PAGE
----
Some of it depends on your cash position. You can finance the purchase price but may not be able to finance the renovation costs. So if you were planning on putting down $88,000 on the renovated unit, you may have to put down $83,000 on the unrenovated unit and another plus another $50,000 or $75,000 for the renovation. In addition you will have to live somewhere else and carry the unit during the process and odds are that you won't even be able to submit your renovation plan to the Coop for approval until after you have closed. If you can swing that, then I agree with the higher floor probably being the better investment.
But also you may have issues getting a good contractor to take a project under $100,000 these days.
Is there any update on this? Has anyone rented here recently? The apartment looks not bad.
This building is very lovely and has great pre-war layouts. Unfortunately it is owned and managed by a difficult, litigious, disturbed, curmudgeon. If you are a broker or tenant steer clear of this one.
DO NOT RENT HERE IT IS JUST NOT WORTH IT!!!
I wish I had known about a what a challenge the apartment I rented was in advance I would have gone elsewhere. Aside from the lack of adequate power throughout the building, the horrific maintenance, the boiler going out in the middle of Winter, the unabated lead/asbestos, the lack of caring by management, who wants to end up in legal proceeding on a constant basis because the landlord is a lawyer and sees going to court with his tenants as a fun activity . I wish I had spoken before I rented to any of the older rent regulated tenants each of whom has their own what it's been like to live here, horror story.
This could be a lovely building in a great location if money was invested in it by a real owner with pride of ownership but just look at the lobby from the tacky florescent light fixtures, to the beautiful but sadly uncleaned marble (except for a test patch in the front hall) that the owner is to cheap to have cleaned. Look at the beautiful tile floor entranceway patched in concrete, or the badly installed hardware that accompanies the slamming front door which has never been properly repaired and understand that however nice it may seem or whatever your broker says this one you should DEFINITELY NOT rent.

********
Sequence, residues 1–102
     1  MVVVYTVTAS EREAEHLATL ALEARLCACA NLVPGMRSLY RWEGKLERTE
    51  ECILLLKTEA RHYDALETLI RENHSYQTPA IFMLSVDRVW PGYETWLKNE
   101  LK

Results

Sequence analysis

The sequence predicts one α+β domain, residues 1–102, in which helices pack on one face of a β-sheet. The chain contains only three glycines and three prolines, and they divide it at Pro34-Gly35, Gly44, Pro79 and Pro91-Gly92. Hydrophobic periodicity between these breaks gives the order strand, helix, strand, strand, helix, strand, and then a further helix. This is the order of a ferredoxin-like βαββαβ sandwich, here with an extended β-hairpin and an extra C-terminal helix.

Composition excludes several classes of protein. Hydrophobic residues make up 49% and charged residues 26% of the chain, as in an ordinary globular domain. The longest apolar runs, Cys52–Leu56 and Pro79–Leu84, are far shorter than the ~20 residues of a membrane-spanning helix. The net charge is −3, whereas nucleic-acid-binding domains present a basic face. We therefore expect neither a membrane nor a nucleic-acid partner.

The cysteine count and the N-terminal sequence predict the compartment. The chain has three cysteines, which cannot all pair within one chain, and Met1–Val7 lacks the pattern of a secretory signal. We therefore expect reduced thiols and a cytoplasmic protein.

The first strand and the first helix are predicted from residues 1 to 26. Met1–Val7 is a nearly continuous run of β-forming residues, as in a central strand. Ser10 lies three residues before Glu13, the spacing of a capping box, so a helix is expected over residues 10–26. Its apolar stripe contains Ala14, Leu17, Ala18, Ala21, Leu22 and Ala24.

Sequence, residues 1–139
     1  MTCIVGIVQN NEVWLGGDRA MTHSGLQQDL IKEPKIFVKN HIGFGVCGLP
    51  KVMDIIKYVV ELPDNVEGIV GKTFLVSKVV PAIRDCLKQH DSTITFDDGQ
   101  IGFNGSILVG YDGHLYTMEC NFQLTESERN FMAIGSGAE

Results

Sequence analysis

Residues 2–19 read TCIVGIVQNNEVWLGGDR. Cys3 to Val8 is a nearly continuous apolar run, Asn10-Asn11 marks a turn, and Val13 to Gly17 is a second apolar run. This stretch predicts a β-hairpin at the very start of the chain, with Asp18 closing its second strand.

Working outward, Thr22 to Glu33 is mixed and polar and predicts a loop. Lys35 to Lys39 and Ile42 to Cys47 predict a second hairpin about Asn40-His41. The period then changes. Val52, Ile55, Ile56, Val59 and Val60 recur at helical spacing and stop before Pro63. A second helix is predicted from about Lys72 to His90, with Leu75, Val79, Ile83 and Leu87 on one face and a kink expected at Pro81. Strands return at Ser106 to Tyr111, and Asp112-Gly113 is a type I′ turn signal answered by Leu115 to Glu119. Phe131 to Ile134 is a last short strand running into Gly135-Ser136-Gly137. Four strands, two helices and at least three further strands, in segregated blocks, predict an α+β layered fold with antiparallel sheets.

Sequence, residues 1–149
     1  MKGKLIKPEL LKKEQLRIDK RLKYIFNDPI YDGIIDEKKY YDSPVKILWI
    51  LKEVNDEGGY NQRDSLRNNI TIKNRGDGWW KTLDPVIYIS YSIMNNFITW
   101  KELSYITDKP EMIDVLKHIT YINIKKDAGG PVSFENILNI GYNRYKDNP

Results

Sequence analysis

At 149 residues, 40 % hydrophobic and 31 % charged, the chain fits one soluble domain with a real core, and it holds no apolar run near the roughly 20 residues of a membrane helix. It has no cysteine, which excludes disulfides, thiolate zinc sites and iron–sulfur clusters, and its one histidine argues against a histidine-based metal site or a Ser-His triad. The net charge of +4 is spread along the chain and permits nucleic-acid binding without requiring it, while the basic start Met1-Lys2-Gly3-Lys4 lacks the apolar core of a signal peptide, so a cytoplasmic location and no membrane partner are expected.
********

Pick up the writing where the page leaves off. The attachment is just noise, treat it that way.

I would trust it to mean "in contract" since I don't see how it would help a developer to take inventory off the market ... if things are slow, they just tend to slow the release of units.
on that front, don't put too much stock into a phrase like "60% sold." It doesn't always mean what a normal human would take it to mean (that, assuming a hundred-unit building, sixty units have been sold). It can mean that 60% *of what's been released to market * has been sold ... so if the developer has a hundred units, and has released twenty of them to market, putting twelve of them in the hands of buyers would be "60% sold."
Link to"Past Sales" section:
Where a developer has marked a property "Under Contact" on StreetEasy what does it really mean? Can we trust that fact or can it be developer spin?
160 Leroy the Ian Schrager development in West Village has changed status on quite a few units in the last month to under contract after a very quiet 3 months. They claimed 2 weeks ago to be near 60% sold.
Under the "Past sales" section about 8 properties say listing status "No longer available". What can that mean?
Thanks for helping me understand :)
Einstein - you seem confused about the distinction between zoning and a C of O. Changing a C of O can be done as of right - it's not a discretionary approval. And generally a co-op will allow someone to commence the process as long as the buyer pays for the work involved (zoning analysis, inspections). The zoning analysis wouldn't really matter in this case - as I mentioned above, the zoning for 740 Park Avenue is already residential, and converting the medical unit to residential would not change the bulk. The only hurdle would be making sure the unit, once renovated, would comply with residential building code. This shouldn't be difficult, either - the unit has two means of egress, and presumably a buyer would pay a top architect to redesign the space so it meets code.